Health secretary Matt Hancock has faced a backlash after tweeting about a trial of “at-home smear tests” – as critics told the minister it would be anatomically impossible for women to carry out a cervical screening on their own.
On Wednesday, NHS England announced more than 31,000 women will be given kits to carry out tests in their own home, rather than having to go to a health professional in a GP surgery or health centre.
The trial will see swab tests either posted to women or given out by GPs to increase take up of screening for the Human Papillomavirus Virus (HPV), which can lead to cervical cancer.
The initiative was supported by Hancock, who said on social media: “Cervical screening is life-saving, so this is a great step forward.”
But his comments were seized on by a number of people on Twitter, including the Vagina Museum.
It pointed out the limits of self-sampled vaginal swabs.
Among a series of tweets, the London charity said: “It’s impossible to perform a smear test on yourself unless you are incredibly flexible and have absolutely perfect aim to hit your cervix.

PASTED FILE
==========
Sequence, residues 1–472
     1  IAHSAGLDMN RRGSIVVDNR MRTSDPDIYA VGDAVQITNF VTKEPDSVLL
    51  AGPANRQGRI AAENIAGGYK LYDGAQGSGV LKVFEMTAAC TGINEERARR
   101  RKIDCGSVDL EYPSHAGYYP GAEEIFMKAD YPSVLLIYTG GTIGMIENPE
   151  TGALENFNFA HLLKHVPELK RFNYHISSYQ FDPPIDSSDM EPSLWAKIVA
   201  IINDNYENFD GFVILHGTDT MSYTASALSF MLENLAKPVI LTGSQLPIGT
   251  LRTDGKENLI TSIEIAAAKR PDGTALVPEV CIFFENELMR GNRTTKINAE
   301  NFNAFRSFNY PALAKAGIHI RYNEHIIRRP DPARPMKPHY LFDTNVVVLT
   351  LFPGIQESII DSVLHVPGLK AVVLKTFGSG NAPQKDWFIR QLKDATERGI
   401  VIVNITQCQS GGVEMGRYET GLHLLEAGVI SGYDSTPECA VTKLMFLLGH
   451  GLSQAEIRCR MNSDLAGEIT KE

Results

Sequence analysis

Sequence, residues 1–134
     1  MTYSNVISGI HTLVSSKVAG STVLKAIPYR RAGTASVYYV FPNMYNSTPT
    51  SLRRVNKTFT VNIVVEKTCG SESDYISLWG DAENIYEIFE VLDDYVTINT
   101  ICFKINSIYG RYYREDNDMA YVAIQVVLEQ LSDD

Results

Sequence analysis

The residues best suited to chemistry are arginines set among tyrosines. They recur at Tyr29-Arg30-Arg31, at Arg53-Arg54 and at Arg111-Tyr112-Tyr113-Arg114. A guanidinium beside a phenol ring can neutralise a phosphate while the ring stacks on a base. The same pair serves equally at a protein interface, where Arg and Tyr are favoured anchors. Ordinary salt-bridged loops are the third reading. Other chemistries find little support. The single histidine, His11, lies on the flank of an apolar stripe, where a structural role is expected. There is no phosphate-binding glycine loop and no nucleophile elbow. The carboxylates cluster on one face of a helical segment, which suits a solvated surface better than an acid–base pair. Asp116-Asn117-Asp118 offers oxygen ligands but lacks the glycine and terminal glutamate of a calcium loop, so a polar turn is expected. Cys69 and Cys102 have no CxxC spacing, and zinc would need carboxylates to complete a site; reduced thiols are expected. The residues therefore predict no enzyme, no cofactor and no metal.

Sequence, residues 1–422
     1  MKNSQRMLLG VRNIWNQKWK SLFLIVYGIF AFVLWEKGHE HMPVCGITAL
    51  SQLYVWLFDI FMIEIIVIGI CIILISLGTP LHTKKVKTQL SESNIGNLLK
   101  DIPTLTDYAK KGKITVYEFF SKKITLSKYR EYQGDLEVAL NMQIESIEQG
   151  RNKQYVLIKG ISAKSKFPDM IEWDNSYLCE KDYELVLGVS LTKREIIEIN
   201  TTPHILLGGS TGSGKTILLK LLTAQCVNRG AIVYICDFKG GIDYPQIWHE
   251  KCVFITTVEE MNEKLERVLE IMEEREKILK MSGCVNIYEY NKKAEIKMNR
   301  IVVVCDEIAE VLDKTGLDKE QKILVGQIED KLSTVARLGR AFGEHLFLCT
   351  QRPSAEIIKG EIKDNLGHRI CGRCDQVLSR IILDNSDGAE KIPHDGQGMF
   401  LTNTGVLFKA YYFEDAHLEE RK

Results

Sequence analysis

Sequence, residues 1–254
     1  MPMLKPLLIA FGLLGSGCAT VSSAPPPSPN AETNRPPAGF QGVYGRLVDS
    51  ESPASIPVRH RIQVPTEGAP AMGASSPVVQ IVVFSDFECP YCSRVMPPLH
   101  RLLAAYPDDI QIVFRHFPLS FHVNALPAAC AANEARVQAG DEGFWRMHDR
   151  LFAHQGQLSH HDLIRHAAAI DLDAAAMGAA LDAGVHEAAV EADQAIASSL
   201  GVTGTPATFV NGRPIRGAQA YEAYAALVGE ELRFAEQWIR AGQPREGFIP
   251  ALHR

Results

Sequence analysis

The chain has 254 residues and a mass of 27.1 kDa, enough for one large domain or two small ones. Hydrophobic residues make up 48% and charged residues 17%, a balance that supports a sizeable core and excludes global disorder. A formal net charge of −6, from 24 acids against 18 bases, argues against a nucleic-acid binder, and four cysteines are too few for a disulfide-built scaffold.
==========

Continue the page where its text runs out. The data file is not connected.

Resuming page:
“Cervical smears are a procedure which you need someone to do for you, and you need that person to know what they’re doing.”
It added the actual smear test is more extensive and tests for abnormal cervical cells, which the swabs would not. The swabs are “not a replacement for cervical screening, it’s a way of reaching those who are not having their smears”, it added.
Others, including doctors, made similar criticisms, pointing out that the problem was more than an issue to do with “loose language”.
HuffPost UK has contacted the Department of Health and Social Care (DHSC) and Public Health England for comment.
MailOnline reported a DHSC spokesperson saying Hancock had “followed the wording” of NHS England’s press release, and an NHS England spokesperson saying “this is part of the cervical screening process, and women are being invited to carry out ‘smear tests’ in their own home”.